If you want to help with the donation of supplies, these folks will be taking testimonies from protesters while also providing basic needs, including food, water, gas masks, and school supplies: http://www.gofundme.com/
The NLG needs help providing legal back up to the Ferguson protesters: https://www.nlg.org/civicrm/
With this link you can donate to feed the students of Ferguson: https://fundly.com/feed-the-
Additionally, not all of us have money to donate, so this is a link to a White House petition that would require police officers to wear cameras on their uniforms: https://petitions.whitehouse.
This link highlights five ways in which white folk can show support against police brutality in their own community: http://changefromwithin.org/
And for Minneapolis folk, check our Communities United Against Police Brutality, and organization that has been working on the frontline of police brutality issues in Minneapolis: http://www.cuapb.org
And if while reading this, you realize that we did not include a resource that you think is beneficial, email email@example.com, and I will include it in this blog posting. I, as the writer, am not from a community that experiences police brutality as largely as the black community, and additionally have never experienced police brutality myself, so I may have left out some resources that those communities might find useful.
Written: Nathan Michielson
Featured image: (Photo by Scott Olson/Getty Images)
Blog Image: Facebook via friend of Michael Brown
This summer, University of Minnesota students with a diverse range of majors, took a study abroad trip of a lifetime to experience world-class sustainability and Scandinavia, first-hand.
One of the greatest challenges facing our world in the 21st century is jointly sustaining the environment and human health and wellbeing. Seeking sustainability means seeking solutions that meet the needs of the present without compromising the ability of future generations to meet their own needs. A sustainable perspective recognizes the conflicts and trade-offs of balancing economic growth, social equity and environmental integrity. Students who learn to approach complex environmental problems from this perspective today will become the leaders, scientists and engaged citizens of tomorrow.
This course introduces students to sustainability and sustainable development in a Scandinavian and European context, using lectures by Danish faculty and study tours of sustainability sites in Copenhagen, Samso and other locations in Denmark and in Sweden.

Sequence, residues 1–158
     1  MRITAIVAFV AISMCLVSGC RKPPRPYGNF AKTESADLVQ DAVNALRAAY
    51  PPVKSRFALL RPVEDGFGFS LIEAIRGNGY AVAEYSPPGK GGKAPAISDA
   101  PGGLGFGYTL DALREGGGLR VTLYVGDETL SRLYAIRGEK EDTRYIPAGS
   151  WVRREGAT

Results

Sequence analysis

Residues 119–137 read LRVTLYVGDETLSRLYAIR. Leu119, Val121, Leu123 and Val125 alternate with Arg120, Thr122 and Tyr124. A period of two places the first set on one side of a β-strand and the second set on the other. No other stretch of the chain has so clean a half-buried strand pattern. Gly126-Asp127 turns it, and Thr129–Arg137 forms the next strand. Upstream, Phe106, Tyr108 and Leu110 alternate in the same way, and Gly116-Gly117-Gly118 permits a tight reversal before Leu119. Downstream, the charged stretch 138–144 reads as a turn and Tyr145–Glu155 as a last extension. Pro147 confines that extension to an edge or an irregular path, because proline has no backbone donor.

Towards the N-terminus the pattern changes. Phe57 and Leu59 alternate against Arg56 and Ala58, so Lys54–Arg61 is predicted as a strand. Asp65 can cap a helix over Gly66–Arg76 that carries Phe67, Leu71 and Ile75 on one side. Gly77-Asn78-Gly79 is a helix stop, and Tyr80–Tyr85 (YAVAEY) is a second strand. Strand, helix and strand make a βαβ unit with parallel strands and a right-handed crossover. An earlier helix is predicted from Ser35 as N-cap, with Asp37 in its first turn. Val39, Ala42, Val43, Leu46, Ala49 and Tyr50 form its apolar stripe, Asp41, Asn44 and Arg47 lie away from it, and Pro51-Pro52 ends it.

On Friday, August 29 from 9:00 to 5:00, the Institute on the Environment and University Services will co-host the Sustainability Action open house for the new freshman class. Throughout the day, first-year students and other University and community members will tour IonE, chatting with representatives of academic programs, student groups, operations, and external organizations. The booths will be set up throughout IonE in the “Bazaar,” “Plaza,” and “Midway” in honor of the concurrent Minnesota State Fair. Sustainability groups enjoyed a high level of success connecting with potential new contributors, and we’re ready to recreate the experience for the new freshman class.
Students will enter the open house at the Bazaar, where they will be greeted with fresh produce from the Cornercopia student farm before visiting the tables of several sustainability-related student groups.The Bazaar will allow student groups to find energetic new members, and give students an opportunity to find community among other sustainability enthusiasts on campus.
After the Bazaar students will make their way to the Plaza, where Sustainability Studies and other academic programs will be ready with information and advice on incorporating sustainability into any college plan. This is also where students can play games and pick up a free Gopher hat from CFANS.
Students will complete their tour at the Midway, which will feature University Services departments and organizations key to the sustainability movement in the Twin Cities. Students will walk over a giant floor map of the Mississippi River, play more games, and visit with representatives of the ReUse Center, Housing and Residential Life, and the Office of Sustainability to learn how they can live more sustainably during college.
Sustainability Action has been among students’ favorite Welcome Week activities in the past, and we look forward to recreating the experience for the Class of 2018!